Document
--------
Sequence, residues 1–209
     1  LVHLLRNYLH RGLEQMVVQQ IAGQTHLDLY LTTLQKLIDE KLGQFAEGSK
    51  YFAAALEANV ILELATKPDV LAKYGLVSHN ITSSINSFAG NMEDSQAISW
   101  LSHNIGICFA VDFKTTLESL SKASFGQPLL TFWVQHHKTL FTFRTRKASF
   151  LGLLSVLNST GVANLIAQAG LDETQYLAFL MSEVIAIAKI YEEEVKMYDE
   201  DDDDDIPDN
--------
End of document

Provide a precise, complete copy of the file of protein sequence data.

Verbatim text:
Sequence, residues 1–209
     1  LVHLLRNYLH RGLEQMVVQQ IAGQTHLDLY LTTLQKLIDE KLGQFAEGSK
    51  YFAAALEANV ILELATKPDV LAKYGLVSHN ITSSINSFAG NMEDSQAISW
   101  LSHNIGICFA VDFKTTLESL SKASFGQPLL TFWVQHHKTL FTFRTRKASF
   151  LGLLSVLNST GVANLIAQAG LDETQYLAFL MSEVIAIAKI YEEEVKMYDE
   201  DDDDDIPDN